Living the Way of Love: Week 2 – Lenten Reflection: The Way of Connection
The Way of Connection
Second Week of Lent 2019
By: Jeanne Connolly, Director of Charism and Mission
“But I say to you who listen, love your enemies, do good to those who hate you, bless those who curse you, pray for those who abuse you. …. Do to others as you would have them do to you. … expecting nothing in return… Be merciful, just as our God is merciful. Do not judge, do not condemn, Forgive, and you will be forgiven; give, and it will be given to you; …The good person brings good things out of the good treasure of the heart; the evil person brings evil things out of evil. What comes out of the mouth is what’s overflowing in the heart.” (Luke 6: 27-28, 31, 36-38; 45)
It is said that confession is good for the soul, so I am confessing here that I was never taught to read the Bible and I don’t read scripture daily. With that said, I can share that I am still surprised when life lessons “appear” in scripture just when I need it. My most recent aha came as I was reflecting on what collaboration really means and what it really involves.
The definition of collaboration is simple, two or more people/groups working together toward a common or shared purpose. The practice of collaborating on the other hand, is much more challenging. Collaboration happens when we know in our whole being that we are connected to all others and to all of creation. It happens when we take the time to listen to different voices, and to assure that all contributions are valued. Collaboration happens when our words and actions are congruent. Collaboration happens when we focus on nurturing the relational energy between the distinct parts and not on the parts.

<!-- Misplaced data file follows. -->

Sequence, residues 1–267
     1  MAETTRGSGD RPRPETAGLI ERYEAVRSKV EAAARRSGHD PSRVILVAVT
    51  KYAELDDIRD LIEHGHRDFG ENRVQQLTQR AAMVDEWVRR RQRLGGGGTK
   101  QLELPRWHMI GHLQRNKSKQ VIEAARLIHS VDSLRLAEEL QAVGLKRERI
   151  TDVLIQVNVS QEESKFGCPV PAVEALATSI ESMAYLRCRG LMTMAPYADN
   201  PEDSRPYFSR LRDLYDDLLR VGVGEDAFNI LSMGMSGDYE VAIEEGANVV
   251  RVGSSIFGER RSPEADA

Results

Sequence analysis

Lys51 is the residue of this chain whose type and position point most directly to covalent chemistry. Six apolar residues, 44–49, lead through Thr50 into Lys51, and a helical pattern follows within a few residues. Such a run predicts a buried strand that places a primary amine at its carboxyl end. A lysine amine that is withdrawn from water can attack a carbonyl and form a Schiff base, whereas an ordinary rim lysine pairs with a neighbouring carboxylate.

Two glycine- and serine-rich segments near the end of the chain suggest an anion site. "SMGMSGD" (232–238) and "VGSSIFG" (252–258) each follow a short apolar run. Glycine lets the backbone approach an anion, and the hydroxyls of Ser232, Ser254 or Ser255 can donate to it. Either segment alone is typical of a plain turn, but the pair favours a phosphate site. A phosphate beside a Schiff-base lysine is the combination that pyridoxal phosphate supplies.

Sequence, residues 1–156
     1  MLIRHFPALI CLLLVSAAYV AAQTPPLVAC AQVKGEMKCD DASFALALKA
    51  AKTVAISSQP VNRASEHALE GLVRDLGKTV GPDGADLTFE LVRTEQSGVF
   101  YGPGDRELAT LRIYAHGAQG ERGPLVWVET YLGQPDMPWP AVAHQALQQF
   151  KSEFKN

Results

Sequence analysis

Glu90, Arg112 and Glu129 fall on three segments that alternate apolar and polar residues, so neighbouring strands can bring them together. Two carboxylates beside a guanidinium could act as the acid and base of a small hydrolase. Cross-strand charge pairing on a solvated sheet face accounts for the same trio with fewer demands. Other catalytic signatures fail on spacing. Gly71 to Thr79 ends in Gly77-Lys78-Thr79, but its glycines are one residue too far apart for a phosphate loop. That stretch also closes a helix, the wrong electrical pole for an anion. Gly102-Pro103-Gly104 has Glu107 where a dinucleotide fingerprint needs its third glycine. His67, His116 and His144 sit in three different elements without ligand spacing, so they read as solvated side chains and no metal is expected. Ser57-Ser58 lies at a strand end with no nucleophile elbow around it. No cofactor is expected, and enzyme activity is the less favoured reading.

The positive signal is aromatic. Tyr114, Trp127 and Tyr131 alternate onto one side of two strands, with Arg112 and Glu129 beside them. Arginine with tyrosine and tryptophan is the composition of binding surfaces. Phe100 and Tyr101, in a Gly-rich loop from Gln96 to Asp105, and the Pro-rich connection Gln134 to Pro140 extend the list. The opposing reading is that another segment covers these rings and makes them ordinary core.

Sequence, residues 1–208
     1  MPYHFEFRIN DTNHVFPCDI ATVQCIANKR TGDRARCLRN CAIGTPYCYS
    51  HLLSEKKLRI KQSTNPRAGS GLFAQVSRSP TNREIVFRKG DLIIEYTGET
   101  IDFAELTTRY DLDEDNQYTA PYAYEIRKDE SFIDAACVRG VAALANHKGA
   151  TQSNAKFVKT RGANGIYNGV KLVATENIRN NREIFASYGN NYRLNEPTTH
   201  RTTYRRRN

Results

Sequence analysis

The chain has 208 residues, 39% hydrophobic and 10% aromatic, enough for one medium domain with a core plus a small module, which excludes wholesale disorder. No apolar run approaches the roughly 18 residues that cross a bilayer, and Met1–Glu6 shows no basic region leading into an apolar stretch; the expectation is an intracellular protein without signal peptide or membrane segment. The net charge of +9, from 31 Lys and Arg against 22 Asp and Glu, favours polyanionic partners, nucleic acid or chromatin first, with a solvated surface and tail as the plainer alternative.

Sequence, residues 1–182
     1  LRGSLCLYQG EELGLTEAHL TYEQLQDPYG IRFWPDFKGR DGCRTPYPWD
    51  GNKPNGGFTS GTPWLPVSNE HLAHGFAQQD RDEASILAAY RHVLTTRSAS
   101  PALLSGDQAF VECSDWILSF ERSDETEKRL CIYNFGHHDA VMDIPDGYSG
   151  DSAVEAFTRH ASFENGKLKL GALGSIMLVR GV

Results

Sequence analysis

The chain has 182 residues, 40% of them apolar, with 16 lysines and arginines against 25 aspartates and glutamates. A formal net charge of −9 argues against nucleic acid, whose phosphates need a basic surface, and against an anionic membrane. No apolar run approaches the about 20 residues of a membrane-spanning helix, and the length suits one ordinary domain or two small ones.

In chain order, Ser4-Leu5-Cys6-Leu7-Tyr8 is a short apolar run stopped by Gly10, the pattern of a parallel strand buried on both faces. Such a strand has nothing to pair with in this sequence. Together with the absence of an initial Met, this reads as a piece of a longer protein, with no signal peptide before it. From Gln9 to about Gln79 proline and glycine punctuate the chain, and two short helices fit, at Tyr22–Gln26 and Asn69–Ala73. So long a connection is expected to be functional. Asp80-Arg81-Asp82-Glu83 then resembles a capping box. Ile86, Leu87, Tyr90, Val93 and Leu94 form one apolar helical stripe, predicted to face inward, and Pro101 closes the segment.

A collaborative mindset leads to a collaborative culture. The attributes of a collaborative mindset include many of the teachings of Jesus that are the most difficult to hear and even more difficult to follow. It begins with an open and humble heart and mind. It breaks down when we believe our ideas are the only way, and that “we know best.” To create a collaborative environment, we must be open to other perspectives and ways of doing things. All too frequently time and tradition cloud the lens from which we view things. We become so accustomed to our ways that we fail to see possibilities for the new, the creative, and the different.
A collaborative culture requires a deep respect for the other. Respect allows us to build and rebuild relationships. Without respect there isn’t trust, and all healthy relationships require trust … trust in the basic goodness of the human heart and trust that each of us is working together for the sake of the whole. Without humility, respect, and trust there isn’t a solid foundation for acceptance, non-judgement, forgiveness, mutuality, or transformation.
Compassionate God, guide me so that what comes out of my mouth shows a heart overflowing with love, mercy, and compassion. Grant me the grace to live the way of love.
Where have I fallen into judgment, mistrust, condemnation? How has this impacted my relationships with others?
What guidance do I need most from God now?